Along with developing V-10 engines for use in the Williams F1 cars, the racing cars were also finished in a BMW-inspired blue and white livery. German driver Ralf Schumacher, brother of Michael Schumacher, was retained along with Columbian Juan Pablo Montoya for driving duties.

F1 technology for BMW road cars

Whilst Ferrari would still take multiple championships, the naturally aspirated P83 V-10 engine built by BMW in 2003 was regarded as one of the greatest ever made. Revving to 19,000 rpm, it generated a staggering 940 horsepower.

BMW was keen to highlight the ability of its engines, and fitted the 2005 E60 M5 with a 5.0-liter V-10 producing 500 horsepower and 384 lb-ft of torque. A seven-speed paddle shift transmission was also inspired by F1, although American customers were offered a six-speed manual unit, too. The same drivetrain combination was also fitted to the 2005 M6 coupe and convertible.

McLaren names a supercar after Formula 1

McLaren had been the dominant team in F1 during the late 1980s and early 1990s, mastering the use of lightweight materials like carbon fiber. Designer Gordon Murray convinced McLaren to back his vision of a three-seater sports car, using the knowledge the company had gained from Formula 1.

The result was the F1, built around a carbon fiber chassis and fitted with a BMW V-12 engine. Murray had been fastidious in his pursuit of performance, with details like gold leaf used in the engine bay as a heat shield. With 618 horsepower, the F1 became the world’s fastest production car in 1998, setting a top speed of 240.1 mph.

McLaren names a supercar after a legendary driver

The F1 was the first step taken by McLaren into the road car market, with the company now responsible for producing almost 5,000 cars a year. In 2018 it introduced the latest in its ‘Ultimate Series’, named after Ayrton Senna – the legendary F1 driver who won three World Championships with McLaren.

Limited to 500 units, the Formula 1 inspiration includes Brembo carbon ceramic brakes, special center-lock alloy wheels, and a roof-mounted air intake. Power comes from a twin-turbocharged V-8 engine, producing 789 horsepower and 590 lb-ft of torque.

Sergio Perez and the McLaren P1

Before the Senna, McLaren Automotive’s most recent Ultimate Series hypercar was the P1. Launched in 2013, the development and release of the hybrid-powered machine coincided with Mexican driver Sergio Perez joining the McLaren Formula 1 team.

Part of this included Perez being tasked with demonstrating the performance of the new P1 road car on the Top Gear test track. Driving a 903 horsepower hypercar on a closed course was likely to be one of the easier corporate responsibilities for Perez, who was unceremoniously dropped by McLaren and the end of the 2013 season.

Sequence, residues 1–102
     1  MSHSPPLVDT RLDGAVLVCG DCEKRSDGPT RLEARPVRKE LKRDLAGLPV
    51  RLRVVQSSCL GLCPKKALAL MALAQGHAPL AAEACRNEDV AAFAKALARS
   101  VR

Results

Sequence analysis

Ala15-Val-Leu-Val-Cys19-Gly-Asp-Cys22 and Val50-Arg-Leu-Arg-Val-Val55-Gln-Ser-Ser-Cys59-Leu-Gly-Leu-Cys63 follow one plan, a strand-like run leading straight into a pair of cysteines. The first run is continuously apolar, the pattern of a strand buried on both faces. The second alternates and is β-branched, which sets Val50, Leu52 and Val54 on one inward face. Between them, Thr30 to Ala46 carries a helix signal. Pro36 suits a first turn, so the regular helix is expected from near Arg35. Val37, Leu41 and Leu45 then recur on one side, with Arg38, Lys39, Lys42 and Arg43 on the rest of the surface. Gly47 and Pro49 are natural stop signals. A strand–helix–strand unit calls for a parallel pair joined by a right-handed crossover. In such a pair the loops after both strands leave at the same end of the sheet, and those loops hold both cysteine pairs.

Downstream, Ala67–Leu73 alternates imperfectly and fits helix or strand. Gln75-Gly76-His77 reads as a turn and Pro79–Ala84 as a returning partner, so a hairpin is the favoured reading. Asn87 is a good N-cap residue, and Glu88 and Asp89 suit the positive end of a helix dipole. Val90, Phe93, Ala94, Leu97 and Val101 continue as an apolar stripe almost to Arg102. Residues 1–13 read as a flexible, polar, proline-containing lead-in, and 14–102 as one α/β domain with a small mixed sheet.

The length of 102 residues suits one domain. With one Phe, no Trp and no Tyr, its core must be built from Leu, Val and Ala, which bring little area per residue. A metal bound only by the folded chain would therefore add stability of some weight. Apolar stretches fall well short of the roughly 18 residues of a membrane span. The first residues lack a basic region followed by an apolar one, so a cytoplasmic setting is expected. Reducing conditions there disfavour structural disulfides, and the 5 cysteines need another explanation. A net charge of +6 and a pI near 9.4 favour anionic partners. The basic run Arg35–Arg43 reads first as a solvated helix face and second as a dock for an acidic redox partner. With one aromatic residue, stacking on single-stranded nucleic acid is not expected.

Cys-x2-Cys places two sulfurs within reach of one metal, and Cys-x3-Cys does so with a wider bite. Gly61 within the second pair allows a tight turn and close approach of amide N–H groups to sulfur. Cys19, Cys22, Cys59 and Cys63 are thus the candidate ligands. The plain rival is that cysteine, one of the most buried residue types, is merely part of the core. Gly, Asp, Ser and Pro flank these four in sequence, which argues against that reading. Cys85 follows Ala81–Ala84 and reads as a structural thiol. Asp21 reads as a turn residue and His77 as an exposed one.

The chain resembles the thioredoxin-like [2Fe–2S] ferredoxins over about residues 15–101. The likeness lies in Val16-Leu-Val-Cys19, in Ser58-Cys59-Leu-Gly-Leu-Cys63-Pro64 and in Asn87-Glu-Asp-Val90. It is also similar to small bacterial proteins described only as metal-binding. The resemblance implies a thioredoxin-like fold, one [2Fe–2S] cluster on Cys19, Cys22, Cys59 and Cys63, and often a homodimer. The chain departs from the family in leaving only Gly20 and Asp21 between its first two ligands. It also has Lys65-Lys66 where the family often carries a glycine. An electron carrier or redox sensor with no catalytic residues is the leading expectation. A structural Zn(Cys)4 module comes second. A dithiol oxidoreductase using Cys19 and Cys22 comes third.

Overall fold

McLaren driver Lando Norris and his company car

Current McLaren Formula 1 driver Lando Norris is performing well in this first season with the team. The 19-year-old is also rather pleased with his company car at McLaren, having taken delivery of a 570S coupe.

Powered by a twin-turbocharged V-8 engine with 570 horsepower, the 570S is capable of a top speed in excess of 200 mph. This is certainly not your usual car for a teenager, but then Lando Norris is not an average teen driver.

Linking the Honda Civic Type R to Toro Rosso

The latest Honda Civic Type R has become the first version of the performance compact car to be sold in the United States. As a global product, Honda has been keen to use its presence in Formula 1 to spread the message of its new Type R.

Honda currently supplies engines to the Toro Rosso F1 team, meaning its drivers for the 2018 season bagged themselves new company cars. Pierre Gasly and Brendon Hartley took delivery of their own turbocharged Type Rs last year. There is no word on whether Hartley had to return his when he left the team at the end of the year…

From a time when McLaren and Honda were still friends

Honda supplied McLaren with engines from the 2015 season through 2017. It marked the return of the Japanese manufacturer to F1 as an engine builder for the first time in seven years, with a change to the new turbo hybrid era also taking place.

The three seasons were fraught, with the Honda engines suffering from terrible reliability issues. Even when it did work, the power plant was also noted to be down on performance. Despite this, McLaren driver Jenson Button was still on hand to try and help sell the benefits of the Honda Civic Type R and its turbocharged engine.

Fernando Alonso tests the new NSX

The original Acura NSX was developed with assistance from Ayrton Senna, whilst Honda was responsible for supplying engines to McLaren. Fast-forward to the second-generation NSX, and Honda was once again in charge of engines to power McLaren’s F1 contenders.

Despite the animosity between the two companies, McLaren driver Fernando Alonso still took part in marketing events like driving the new NSX. F1 inspiration can be found in the turbocharged V-6 engine and its hybrid electric powertrain. Alonso also found that the braking ability of the NSX was closest in feel to his F1 racer.